KRC Genk Esports has announced that it is entering into League of Legends with the organisation competing in next year’s Belgium League, one of the title’s European regional leagues (ERL).
The organisation was formed earlier this year when Belgian Pro League football club KRC Genk created its own esports division, initially launching in EA Sports’ FIFA.
However, following the development of its branding, content platform and the creation of its own esports arena which is situated at the club’s stadium, the organisation is already looking to branch out into other games and has targeted League of Legends as its second title.
KRC Genk Esports Coordinator Bram Bartels commented: “KRC Genk Esports is leading in Belgium. That is why the step to League of Legends is a logical and strategic next step. The Belgian LoL competition will be given a new composition and will soon evolve into a closed formula, and KRC Genk Esports will not be missing.
“A nice bonus is that we join millions of young people worldwide who are active in this game. We expand our reach and thus come to the attention of an international target group.”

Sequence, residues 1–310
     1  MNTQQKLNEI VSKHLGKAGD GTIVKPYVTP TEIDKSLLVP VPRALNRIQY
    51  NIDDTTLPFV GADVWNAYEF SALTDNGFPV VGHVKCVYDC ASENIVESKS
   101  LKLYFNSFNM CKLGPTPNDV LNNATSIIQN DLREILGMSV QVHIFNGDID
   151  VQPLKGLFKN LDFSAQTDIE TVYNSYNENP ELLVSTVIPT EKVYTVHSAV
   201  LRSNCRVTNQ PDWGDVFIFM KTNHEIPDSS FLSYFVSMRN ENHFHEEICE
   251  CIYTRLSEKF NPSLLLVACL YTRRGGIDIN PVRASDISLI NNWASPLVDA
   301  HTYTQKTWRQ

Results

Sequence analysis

As a result of the announcement, KRC Genk Esports has acquired one of the six spots that are available in the Belgium League, with the side looking to compete for the competition’s €25,000 (~£22,185) prize pool.
The Belgium League, which is set to commence in January 2021, has also revealed the other five remaining teams, with KV Mechelen Esports joining Genk Esports from the Belgium Pro League. The other participants include reigning champions Sector One, Team 7AM, 4Elements Esports, and ION Squad.
As a result, RSC Anderlecht Esports, Aethra Esports and Brussels Guardians will not be participating in the Belgium League for the upcoming split.
Esports Insider says: There has been mixed success when it comes to football clubs crossing over to esports, particularly when it’s outside of the FIFA bubble, so it’ll be interesting to see how Genk Esports approaches the League of Legends scene. Nevertheless, it’s a testament to the growing esports industry that more sporting organisations are looking to transition into more traditional, established titles.